The impact of small embedded generation within the UK electricity market

D. Borrie, C. S. Ozveren, G. D. Reid, J. Hiley

Research output: Chapter in Book/Report/Conference proceedingConference contribution

3 Citations (Scopus)


Worldwide, the electricity industry is undergoing a period of sustained change. Pressures introduced by market reform and environmental imperatives have moved investment from large fossil fuel and nuclear plants to smaller distributed embedded systems. The UK market has reflected these changes by the introduction of the New Electricity Trading Arrangements (NETA) and by the publication of the Government's recent energy policy that places heavy emphasis on renewable energy sources. The scale of renewable energy plant is smaller than that of traditional generation technologies. Its inherent flexibility offers commercial benefits for load matching within the Balancing and Settlement code by reconciliation of actual and predicted demand or generation positions. From the perspective of the generators and system (SO) and distribution network operators (DNO) new problems are introduced. Variable power flows can lead to increased system losses and voltage management issues. This paper outlines the economic and technical issues involved in the trading, generation, and distribution of electricity produced by such generators.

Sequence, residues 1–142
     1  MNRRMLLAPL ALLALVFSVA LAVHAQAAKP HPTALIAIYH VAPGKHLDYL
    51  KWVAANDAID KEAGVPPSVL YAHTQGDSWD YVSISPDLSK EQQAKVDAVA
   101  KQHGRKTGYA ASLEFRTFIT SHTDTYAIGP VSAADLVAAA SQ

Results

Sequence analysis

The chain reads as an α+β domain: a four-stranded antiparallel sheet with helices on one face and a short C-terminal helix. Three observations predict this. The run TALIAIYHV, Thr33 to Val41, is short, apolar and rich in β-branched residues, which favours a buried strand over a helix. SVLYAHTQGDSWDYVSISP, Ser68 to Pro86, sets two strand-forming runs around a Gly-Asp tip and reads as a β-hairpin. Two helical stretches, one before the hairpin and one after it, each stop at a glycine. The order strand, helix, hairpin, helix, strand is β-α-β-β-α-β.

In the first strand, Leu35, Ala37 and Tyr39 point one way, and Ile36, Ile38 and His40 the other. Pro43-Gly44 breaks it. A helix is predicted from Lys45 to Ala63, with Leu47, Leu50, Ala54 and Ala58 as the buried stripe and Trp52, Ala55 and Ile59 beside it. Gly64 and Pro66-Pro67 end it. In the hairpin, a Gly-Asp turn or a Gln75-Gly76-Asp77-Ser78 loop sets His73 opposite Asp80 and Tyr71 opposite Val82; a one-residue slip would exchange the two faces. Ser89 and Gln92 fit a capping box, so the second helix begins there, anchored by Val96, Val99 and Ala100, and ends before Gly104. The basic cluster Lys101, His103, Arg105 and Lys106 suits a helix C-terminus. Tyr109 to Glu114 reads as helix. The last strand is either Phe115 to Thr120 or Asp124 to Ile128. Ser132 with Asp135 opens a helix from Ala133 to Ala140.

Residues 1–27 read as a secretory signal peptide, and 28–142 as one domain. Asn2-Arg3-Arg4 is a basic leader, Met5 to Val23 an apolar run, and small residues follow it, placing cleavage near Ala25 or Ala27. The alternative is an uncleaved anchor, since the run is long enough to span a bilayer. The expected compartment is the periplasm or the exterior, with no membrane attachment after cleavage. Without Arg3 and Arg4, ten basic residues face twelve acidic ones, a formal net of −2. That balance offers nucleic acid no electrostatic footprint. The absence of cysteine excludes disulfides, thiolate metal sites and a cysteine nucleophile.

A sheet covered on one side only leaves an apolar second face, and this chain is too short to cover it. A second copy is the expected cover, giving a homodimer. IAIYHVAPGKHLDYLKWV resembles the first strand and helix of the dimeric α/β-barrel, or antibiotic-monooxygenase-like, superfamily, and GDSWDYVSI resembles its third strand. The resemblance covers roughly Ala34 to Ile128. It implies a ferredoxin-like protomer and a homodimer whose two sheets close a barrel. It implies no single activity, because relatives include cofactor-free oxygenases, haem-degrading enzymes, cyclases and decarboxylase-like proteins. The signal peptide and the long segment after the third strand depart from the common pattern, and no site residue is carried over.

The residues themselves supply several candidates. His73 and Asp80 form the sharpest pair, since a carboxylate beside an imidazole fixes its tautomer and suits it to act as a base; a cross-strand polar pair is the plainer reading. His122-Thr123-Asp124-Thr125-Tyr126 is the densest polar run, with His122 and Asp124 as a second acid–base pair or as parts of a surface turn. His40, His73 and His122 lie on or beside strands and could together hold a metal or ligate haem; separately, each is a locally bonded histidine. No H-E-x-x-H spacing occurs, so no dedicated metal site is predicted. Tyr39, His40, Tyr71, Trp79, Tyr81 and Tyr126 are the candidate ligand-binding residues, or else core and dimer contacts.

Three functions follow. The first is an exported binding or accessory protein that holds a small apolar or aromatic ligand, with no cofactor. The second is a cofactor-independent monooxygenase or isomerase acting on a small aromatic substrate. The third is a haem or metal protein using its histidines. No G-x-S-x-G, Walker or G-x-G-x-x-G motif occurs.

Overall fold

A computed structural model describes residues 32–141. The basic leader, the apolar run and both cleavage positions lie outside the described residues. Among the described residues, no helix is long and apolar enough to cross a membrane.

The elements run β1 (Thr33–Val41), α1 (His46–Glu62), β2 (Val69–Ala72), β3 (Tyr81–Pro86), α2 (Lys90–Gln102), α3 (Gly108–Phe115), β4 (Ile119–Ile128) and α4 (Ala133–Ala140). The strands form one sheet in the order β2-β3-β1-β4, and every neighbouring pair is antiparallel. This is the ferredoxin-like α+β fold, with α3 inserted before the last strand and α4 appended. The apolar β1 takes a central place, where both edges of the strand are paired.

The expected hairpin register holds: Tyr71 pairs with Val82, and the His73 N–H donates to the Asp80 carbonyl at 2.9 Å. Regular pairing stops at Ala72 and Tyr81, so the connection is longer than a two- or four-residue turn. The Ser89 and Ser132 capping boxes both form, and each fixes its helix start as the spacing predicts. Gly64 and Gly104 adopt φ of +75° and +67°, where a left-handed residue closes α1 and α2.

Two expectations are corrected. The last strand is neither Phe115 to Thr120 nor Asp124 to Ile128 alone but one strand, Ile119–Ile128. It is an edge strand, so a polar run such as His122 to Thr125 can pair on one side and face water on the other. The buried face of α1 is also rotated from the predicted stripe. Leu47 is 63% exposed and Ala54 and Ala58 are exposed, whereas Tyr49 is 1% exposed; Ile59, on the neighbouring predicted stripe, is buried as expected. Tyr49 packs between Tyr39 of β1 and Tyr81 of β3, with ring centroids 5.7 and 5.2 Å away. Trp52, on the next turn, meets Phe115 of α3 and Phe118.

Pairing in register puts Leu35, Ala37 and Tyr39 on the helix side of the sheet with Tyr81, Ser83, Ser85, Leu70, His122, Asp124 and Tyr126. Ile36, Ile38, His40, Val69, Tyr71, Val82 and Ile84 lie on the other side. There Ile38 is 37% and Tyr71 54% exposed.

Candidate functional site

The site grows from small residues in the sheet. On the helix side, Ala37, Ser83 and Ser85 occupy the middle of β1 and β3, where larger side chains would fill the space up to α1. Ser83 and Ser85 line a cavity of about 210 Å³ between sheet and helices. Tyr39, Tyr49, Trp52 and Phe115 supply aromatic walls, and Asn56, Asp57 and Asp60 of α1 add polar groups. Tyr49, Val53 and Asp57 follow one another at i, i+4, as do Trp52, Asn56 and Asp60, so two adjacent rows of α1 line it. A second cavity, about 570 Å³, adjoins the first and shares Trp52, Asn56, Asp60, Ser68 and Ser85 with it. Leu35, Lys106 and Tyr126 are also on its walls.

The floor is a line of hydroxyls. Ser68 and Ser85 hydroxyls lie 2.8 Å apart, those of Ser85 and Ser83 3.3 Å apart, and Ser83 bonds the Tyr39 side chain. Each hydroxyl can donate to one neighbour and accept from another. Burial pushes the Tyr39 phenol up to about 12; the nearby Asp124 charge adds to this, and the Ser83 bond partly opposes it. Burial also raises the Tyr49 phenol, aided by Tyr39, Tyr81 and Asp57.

Original languageEnglish
Title of host publication39th International Universities Power Engineering Conference, UPEC 2004 - Conference Proceedings
Number of pages5
Publication statusPublished - 2004
Event39th International Universities Power Engineering Conference - Bristol, United Kingdom
Duration: 6 Sept 20047 Sept 2004


Conference39th International Universities Power Engineering Conference
Abbreviated titleUPEC 2004
Country/TerritoryUnited Kingdom


  • Embedded Generation
  • Energy Trading
  • NETA
  • Voltage Profile


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